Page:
Skip to main content

5 ways technology made the world a better place in 2013

techs gifts world since last christmas eve robohand makerbot 3d printed prosthetics
Image used with permission by copyright holder

This has been a rough year in the world of tech. BlackBerry all but jumped off a bridge. Microsoft now owns Nokia, which is only a good thing if you’re a masochist. Reddit wrongly blamed a missing kid for blowing up Boston. The US government’s largest tech project ever,, made millions of Americans want to toss their laptops out a 10th story window. A slew of studies showing that tech is turning us into lonely, narcissistic zombies. And, to top it all off, the NSA is using our Internet and phones to spy on the entire world. Ugh.

So the end of 2013 couldn’t come soon enough, as far as I’m concerned. But this is Christmas Eve, a day to forget the world’s pangs of sadness and focus on the brighter side of life – and tech. Fortunately, if you dig just beneath the surface layer of grime, a magical rainbow world of awesomeness glows forth. Here are some of the ways technology made the world a bit brighter in 2013.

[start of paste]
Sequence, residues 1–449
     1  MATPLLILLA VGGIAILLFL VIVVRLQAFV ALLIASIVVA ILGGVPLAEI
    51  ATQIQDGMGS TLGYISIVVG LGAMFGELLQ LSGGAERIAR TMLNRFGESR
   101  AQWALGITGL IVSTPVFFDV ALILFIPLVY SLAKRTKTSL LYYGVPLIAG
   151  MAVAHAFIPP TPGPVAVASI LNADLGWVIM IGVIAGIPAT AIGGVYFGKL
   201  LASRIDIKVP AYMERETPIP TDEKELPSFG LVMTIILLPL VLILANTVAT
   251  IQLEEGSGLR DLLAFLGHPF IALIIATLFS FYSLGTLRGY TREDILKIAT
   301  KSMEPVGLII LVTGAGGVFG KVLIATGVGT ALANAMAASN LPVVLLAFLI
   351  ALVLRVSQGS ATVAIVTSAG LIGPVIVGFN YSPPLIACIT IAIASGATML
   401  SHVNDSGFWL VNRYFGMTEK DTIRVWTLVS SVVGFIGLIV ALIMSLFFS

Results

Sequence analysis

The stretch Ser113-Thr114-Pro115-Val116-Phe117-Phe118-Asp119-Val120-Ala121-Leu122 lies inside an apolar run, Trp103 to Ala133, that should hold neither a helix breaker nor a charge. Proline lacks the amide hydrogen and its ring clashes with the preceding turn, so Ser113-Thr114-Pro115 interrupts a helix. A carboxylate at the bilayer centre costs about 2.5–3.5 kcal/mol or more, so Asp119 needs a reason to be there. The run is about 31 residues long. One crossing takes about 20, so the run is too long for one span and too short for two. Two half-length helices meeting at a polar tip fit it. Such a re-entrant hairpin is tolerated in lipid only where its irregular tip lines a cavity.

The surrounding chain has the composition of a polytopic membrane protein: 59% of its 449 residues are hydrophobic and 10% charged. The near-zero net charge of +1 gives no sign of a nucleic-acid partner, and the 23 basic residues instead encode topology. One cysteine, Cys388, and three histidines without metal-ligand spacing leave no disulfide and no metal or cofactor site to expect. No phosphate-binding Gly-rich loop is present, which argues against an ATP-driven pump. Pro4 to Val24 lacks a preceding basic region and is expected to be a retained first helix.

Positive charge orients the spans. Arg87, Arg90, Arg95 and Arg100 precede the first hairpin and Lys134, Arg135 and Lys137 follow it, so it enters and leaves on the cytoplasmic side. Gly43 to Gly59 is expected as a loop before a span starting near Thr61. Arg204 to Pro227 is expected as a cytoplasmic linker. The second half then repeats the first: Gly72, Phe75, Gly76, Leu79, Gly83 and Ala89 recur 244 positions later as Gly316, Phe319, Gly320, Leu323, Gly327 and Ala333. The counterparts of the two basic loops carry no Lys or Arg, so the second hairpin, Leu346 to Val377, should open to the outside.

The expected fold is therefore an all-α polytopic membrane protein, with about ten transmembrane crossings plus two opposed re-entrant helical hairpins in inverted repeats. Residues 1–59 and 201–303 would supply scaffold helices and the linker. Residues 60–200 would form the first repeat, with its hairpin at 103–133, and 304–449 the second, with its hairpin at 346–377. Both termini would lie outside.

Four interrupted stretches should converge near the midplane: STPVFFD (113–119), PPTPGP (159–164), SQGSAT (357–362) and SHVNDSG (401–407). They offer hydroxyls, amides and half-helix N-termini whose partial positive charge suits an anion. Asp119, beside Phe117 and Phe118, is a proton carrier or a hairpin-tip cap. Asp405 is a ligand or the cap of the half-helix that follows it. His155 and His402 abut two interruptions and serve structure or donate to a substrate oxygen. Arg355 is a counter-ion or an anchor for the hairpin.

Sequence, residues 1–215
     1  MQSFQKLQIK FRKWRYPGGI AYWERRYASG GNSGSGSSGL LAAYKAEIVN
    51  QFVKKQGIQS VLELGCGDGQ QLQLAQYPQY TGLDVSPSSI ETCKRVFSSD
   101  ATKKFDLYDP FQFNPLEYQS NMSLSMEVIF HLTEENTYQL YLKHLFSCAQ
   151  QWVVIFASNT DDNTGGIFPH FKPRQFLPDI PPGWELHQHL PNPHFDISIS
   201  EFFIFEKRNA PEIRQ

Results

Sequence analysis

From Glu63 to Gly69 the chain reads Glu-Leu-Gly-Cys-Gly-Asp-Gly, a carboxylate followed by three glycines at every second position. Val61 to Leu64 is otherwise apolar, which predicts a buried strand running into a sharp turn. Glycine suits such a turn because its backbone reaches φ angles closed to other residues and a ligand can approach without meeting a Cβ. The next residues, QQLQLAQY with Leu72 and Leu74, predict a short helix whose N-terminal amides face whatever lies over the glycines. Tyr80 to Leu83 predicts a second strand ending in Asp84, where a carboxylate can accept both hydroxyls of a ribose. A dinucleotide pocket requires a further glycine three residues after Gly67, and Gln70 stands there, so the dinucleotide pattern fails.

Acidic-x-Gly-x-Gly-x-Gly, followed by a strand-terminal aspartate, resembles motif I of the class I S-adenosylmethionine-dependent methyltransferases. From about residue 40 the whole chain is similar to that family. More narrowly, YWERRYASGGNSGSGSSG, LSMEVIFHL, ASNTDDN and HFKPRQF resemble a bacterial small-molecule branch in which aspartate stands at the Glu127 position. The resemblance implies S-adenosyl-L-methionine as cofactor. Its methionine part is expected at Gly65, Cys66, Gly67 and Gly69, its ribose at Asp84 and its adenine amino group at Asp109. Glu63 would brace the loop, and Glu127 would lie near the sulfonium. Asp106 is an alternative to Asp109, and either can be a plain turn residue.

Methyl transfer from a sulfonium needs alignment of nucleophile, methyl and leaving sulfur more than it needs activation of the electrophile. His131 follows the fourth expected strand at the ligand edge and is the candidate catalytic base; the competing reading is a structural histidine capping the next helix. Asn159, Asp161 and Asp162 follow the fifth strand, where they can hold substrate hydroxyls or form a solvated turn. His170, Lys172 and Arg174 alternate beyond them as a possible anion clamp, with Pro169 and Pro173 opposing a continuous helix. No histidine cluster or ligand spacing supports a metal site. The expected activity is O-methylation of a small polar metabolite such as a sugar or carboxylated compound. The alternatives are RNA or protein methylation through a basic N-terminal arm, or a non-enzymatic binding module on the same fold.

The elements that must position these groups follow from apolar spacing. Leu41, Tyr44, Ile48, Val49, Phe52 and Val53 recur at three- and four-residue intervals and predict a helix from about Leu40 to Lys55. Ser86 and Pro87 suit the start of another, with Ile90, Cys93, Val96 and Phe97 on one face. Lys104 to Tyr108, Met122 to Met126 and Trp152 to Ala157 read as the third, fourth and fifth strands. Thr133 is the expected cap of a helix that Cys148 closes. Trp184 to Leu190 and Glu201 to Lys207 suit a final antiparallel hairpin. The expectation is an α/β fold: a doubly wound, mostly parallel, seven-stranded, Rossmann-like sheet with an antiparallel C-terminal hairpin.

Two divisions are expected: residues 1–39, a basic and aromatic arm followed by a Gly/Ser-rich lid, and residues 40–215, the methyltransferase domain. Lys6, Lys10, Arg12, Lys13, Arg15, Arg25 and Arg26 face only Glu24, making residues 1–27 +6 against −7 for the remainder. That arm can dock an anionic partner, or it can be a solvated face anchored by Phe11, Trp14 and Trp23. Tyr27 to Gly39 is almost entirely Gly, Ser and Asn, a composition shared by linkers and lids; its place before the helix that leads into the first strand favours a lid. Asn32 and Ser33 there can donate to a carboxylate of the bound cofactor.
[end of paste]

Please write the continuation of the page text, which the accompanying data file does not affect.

Leo the Homeless Coder

Leo the Homeless CoderThe store of Leo the Homeless Coder (aka, Journeyman) is, straight up, the most feel-good tech story of 2013. Late this summer, software developer Patrick McConlogue decide to introduce himself to a young homeless man he passed by on his way to work each day. He then offered the man a proposal: $100 on the spot, or coding lessons.

The man, now known around the world by his name, Leo Grand, took the latter option. And earlier this month, he released his first app for iOS and Android. Called Trees for Cars, the app helps drivers and riders organize carpools. Helping someone who’s down on their luck gain a valuable skill and create something that’s good for the environment? It doesn’t get much better than that.

Drones in support of humanity

Drones in support of humanityDrone. It’s a bad word that sends shivers down the spine of, well, pretty much everyone. But a rising tide of forward-thinkers have begun to explore the ways in which these flying robots (of doom) can be a force of good for humanity. We caught a glimpse of this earlier this year, when one enterprising company used small unmanned aerial vehicles (UAVs) to map the emergency flood zones in Colorado. Others believe drones will be used to monitor human rights abuses in embattled regions like Syria. Scientists see drones as the perfect tool for collecting crucial data about our planet. And still others see drones as a way to deliver aid to impoverished, nearly inaccessible communities.

So, while we fret about getting our Amazon packages delivered by robots, the wisest among us are looking at this technology as an amazing way to improve life for countless people and animals the world over. That’s what technology is all about. 

3D-printed prosthetics